Last week, we looked into the limited access and information for 4K Winter Olympics content in the United States—which was still confusing even one day before the opening ceremonies kicked off. This search included my own roadblocks to getting compatible service working in my home.
Since then, I've had 4K Olympics service installed and streaming for a few days. As such, I wanted to do my best to describe and even review the 4K content on offer. I do this for a few reasons: because 4K Olympics access is very weird this year, and because, despite some limits, it's still one of the more interesting test cases of whether sports are the true Trojan horse for wider 4K TV adoption.
Getting logistics out of the way
Let's start with the providers. As stated last time, DirecTV and Dish offer nationwide options, so long as you have a compatible 4K set-top box. You'll otherwise need to contact your local cable or satellite provider to see if its ecosystem of signals and set-top boxes is compatible with the broadcast signal being distributed exclusively in the US by Comcast, the owner of primary Olympics broadcaster NBC.
Want to watch this year's 4K Olympics content using a 4K-capable Internet streaming box or smart TV? Too bad. Comcast has kiboshed that option this year, in spite of operating a 4K Olympics streaming app for the Rio games in 2016. You must go through a broadcaster-specific option, which, as of press time, is only via TV set-top boxes.
I currently use Comcast for home Internet service, so I reached out to the company as a customer. To sum up what I said last time: I had to wait nearly 40 minutes on multiple phone calls to learn that my "regional network" didn't support the 4K content I'd been searching for. But within an hour of my article going live, a multiple-employee email chain kicked into gear to get 4K TV service installed at my home. (I had reached out to Comcast requesting comment about this "regional network" issue the day before the article went live and didn't receive a firm answer until the article had gone live.)
After I said that I wanted to review the 4K broadcast, I was quoted $69.95 per month, no contract required, for the bare-minimum TV content package required. This package includes a smorgasbord of live cable channels I'll probably never watch. (It also includes easy access to the CBC, at least, so when I want to watch breaking Olympics content, I can bypass NBC's tape-delayed nonsense.)
“I’ve never installed one of these 4K boxes before.”
My friendly Comcast technician plugged in and set up a 4K-compatible "X1" set-top box in roughly 20 minutes. As he finished, he pointed out that users must manually go into menus and change settings to receive a 4K image. He showed me how to select 2160p resolution and a maximum of 60 frames per second. I followed up by asking how to toggle HDR. "I don't know what that is," he admitted. "I've never installed one of these 4K boxes before."
I came to find that the X1 box—not to be confused with Xbox One or, jeez, Xbox One X—doesn't let users manually enable or disable HDR. It just sends out an HDR 4K signal by default. I didn't have a non-HDR 4K set handy to test what kinds of errors, if any, may play out in that case or if it's smart enough to see HDR errors and then revert to an SDR color gamut. (One "help" image I found hints at SDR automatically being detected.)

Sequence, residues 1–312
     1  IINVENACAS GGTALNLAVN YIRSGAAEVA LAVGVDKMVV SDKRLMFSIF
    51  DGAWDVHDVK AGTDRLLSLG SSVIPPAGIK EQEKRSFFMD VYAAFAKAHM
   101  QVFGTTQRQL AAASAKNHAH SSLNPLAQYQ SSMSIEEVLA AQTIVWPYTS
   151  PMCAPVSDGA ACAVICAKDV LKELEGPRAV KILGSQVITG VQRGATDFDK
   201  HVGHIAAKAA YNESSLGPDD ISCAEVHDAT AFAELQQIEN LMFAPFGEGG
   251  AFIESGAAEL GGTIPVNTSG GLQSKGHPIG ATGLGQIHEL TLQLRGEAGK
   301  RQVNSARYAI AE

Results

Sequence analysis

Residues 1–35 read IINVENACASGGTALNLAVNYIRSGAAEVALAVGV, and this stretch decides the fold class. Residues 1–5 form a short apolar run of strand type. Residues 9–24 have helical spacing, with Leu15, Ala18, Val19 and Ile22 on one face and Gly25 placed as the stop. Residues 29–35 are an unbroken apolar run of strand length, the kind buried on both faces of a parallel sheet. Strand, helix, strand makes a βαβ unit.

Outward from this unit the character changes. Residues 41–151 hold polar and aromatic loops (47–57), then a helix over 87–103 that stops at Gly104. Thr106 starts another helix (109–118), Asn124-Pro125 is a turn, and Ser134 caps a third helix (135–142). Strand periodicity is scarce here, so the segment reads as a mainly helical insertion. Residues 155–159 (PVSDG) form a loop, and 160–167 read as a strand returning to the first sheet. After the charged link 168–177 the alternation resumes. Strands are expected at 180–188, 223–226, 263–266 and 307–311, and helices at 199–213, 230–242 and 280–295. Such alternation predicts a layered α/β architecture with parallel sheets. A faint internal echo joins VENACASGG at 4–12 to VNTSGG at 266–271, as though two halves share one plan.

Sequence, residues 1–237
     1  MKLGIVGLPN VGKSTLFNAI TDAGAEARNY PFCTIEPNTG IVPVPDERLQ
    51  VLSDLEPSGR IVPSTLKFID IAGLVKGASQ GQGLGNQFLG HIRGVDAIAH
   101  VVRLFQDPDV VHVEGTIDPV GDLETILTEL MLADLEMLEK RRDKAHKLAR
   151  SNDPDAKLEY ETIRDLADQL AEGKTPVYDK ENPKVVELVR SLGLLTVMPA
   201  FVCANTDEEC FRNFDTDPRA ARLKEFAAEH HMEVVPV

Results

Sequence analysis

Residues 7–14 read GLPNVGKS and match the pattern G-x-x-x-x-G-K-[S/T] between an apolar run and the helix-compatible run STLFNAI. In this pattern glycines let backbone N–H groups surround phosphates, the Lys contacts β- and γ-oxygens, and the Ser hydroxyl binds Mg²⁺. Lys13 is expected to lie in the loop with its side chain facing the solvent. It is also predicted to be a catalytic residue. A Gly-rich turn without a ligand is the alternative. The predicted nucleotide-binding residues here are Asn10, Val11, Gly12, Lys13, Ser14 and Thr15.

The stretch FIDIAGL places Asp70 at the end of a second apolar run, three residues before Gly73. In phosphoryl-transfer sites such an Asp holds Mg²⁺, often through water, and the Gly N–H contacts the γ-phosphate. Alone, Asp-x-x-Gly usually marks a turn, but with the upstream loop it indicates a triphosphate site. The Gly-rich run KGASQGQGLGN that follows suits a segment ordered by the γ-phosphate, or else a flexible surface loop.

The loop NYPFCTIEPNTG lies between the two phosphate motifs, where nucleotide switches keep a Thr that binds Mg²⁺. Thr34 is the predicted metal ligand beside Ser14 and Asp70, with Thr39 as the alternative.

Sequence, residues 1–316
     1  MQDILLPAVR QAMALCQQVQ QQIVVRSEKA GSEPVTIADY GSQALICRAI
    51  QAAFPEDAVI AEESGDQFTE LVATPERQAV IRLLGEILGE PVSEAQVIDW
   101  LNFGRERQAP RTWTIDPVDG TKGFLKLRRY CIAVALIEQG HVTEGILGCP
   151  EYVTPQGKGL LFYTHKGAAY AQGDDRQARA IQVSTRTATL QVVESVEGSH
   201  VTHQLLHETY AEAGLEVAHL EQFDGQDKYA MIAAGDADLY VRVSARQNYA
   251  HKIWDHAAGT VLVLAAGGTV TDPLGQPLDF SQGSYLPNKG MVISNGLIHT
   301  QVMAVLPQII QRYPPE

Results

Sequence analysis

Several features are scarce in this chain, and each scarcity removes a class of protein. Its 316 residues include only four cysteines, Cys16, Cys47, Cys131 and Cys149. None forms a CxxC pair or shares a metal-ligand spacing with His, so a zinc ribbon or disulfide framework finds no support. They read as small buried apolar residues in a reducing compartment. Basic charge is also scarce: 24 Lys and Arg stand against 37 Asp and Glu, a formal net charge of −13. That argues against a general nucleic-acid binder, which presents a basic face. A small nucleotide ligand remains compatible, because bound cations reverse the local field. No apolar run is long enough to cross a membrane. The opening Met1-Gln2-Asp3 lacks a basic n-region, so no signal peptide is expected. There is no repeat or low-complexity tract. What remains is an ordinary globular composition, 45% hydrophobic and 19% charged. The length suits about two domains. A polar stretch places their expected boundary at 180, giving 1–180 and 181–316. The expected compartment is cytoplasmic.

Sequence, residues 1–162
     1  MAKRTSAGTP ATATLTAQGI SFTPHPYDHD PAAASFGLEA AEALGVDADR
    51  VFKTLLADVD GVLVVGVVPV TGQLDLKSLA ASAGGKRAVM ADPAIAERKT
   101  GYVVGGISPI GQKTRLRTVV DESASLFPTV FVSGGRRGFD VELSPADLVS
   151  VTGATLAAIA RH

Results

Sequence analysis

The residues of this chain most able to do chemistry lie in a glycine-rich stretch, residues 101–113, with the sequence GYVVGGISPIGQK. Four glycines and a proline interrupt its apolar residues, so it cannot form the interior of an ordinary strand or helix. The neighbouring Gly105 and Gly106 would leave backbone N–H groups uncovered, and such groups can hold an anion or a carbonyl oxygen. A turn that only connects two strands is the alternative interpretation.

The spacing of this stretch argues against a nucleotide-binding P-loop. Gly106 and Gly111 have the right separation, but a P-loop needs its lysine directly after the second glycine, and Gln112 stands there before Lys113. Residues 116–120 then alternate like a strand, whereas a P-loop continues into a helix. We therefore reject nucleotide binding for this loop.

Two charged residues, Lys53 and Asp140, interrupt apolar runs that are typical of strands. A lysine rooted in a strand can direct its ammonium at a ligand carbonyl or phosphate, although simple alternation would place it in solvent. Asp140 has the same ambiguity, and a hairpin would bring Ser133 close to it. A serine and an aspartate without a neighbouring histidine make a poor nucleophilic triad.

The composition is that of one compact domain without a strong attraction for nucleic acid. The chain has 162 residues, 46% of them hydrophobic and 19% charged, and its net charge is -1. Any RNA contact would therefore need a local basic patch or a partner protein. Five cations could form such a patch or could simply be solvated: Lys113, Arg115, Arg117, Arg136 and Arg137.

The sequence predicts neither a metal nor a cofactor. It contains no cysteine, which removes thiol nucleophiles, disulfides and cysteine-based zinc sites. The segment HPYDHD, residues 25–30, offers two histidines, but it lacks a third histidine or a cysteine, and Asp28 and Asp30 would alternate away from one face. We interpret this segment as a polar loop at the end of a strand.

In my five days of testing, Comcast never rolled out the "Olympics in 4K" content tab that was promised on its original "how to watch 4K Olympics" instruction video. (Worse, Comcast has since deleted this instructional video from the Xfinity interface.) When you boot into a Comcast TV box, you're served lots of Olympics-branded tabs and menus, but none of them is 4K-specific. "Best of luge," "Wildest crashes," "Curling: full event replays"… those and more max out at "HD" spec (which is typically in 1080i resolution).
When looking online, I found one of Comcast's help pages about the content, which also begins and ends with directions to this nonexistent 4K content tab. So, what the heck could I do? I had to tweet at Comcast's support account to get advice to how it actually works: talk to your remote control. Any time I want to peruse 4K content, I have to hold down a microphone icon, say the phrase "show me 4K Olympics" out loud, and click to confirm. That's when I am served a tape-delayed collection of four event types: the opening ceremonies, figure skating, short track, and ski jumping. (As of press time, the other 4K-format sport—ice hockey—has yet to go live.) If I say "show me 4K sports," on the other hand, zero 4K Olympics options appear.
(Just before this article went to press, I double-checked the one helpful article I'd been linked to. This helpful "show me 4K Olympics" advice has since been deleted. What drugs are Comcast's webmasters freebasing?)
Oh, one last word of warning: every 4K- and HDR-format broadcast is delayed no less than eight hours before being made available to any American TV watcher, whether through Comcast's on-demand option or on Dish and DirecTV's 4K Olympics channels—which you'll need to DVR manually if you want to rewatch the content later. In Comcast's case, this particularly sucks because its X1 Olympic content aggregators—including menus, tabs, and a medal-counting app—love to flash results and medal counts in your face. Hashtag spoiler alert, Comcast watchers.